Last weekend we decided to check out a longer hike in Mt. Rainier National Park. Now that we live in the South Sound, the west entrance is less than an hour from our house so we’re looking forward to spending more time in the park. We arrived around 7 a.m., breezed through the gate thanks to our annual pass and the complete lack of traffic, and thought we were free and clear to head to the Comet Falls trailhead for our hike to Mildred Point.
However, we arrived in Longmire to find a big gate across the road with a sign noting it didn’t open until 9 a.m.! We pulled into the nearby parking area where a few other people were drinking coffee and waiting in their cars to rethink our plans.
Our original hike was going to be 7 miles roundtrip and around 3,000 feet of elevation gain with a stop at Comet Falls – a pretty hefty hike. Starting from Longmire would add both miles and elevation gain to our hike and we wouldn’t be going by the falls. That said, we just couldn’t see waiting two hours while more and more cars arrived to stick with the original plan. Comet Falls looked really cool and we’ll do that hike next time – this time we decided to focus on the out-and-back hike to Mildred Point!
Long story short, we ended up hiking a section of the Wonderland Trail to the Van Trump Creek Trail to Mildred Point and back, which was 9.25 miles roundtrip and 3,282 feet of gain. It took us about 6.5 hours with just under an hour of stopping time, including at the point. I was wiped out when we finally got back to the car, but it ended up being worth it!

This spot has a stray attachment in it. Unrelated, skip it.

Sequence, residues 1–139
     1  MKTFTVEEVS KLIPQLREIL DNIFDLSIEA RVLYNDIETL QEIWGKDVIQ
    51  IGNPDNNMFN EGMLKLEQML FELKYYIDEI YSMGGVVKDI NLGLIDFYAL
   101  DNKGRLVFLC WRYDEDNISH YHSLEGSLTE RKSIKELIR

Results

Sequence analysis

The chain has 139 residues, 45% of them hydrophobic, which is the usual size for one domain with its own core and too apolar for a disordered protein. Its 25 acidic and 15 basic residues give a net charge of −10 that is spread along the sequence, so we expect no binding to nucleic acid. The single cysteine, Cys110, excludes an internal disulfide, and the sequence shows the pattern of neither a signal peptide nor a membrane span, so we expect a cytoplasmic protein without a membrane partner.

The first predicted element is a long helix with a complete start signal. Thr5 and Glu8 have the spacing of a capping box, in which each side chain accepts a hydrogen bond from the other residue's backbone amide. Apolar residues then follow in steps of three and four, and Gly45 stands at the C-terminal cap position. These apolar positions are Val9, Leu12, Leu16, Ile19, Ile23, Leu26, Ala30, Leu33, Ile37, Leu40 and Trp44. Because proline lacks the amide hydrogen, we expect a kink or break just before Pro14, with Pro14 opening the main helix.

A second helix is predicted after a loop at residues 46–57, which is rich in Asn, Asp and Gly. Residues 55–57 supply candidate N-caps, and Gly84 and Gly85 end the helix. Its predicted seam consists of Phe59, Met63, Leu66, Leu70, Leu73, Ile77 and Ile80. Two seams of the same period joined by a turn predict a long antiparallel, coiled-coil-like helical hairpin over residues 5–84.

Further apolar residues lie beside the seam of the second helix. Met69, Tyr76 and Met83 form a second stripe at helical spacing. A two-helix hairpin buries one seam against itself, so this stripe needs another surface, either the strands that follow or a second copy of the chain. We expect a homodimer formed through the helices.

The first sections of the hike were all in the woods and there was no one in sight – so peaceful and beautiful as we would catch glimpses of the mountains around us through the snow-covered trees.
While there were no people, the snow on the trail displayed evidence that we weren’t entirely alone – we followed deer tracks for a while, which was fine, but I got nervous when the deer tracks were suddenly accompanied by giant cougar tracks!
As we climbed up to the split where we needed to catch the Van Trump Park Trail toward Mildred Point, the cougar tracks continued straight ahead while we veered right. Before I could feel too relieved, we noticed we were following new sets of tracks – rabbit and bobcat! Thankfully the tracks were as close as we got to wildlife on this hike. My huffing and puffing up the hill probably made me an easy target, and I’m not sure I had expendable energy to fend off a wild beast if it wanted me for lunch!
Once we reached somewhere around 4,000-4,500 feet we moved out from under the main tree cover and the trail disappeared under several feet of snow. A couple who had caught up to us went on ahead and I was happy to have them take the lead in plowing a path through the drifts! While that worked for a little while, they were soon out of sight and seemed to be heading in a different direction than where we wanted to go.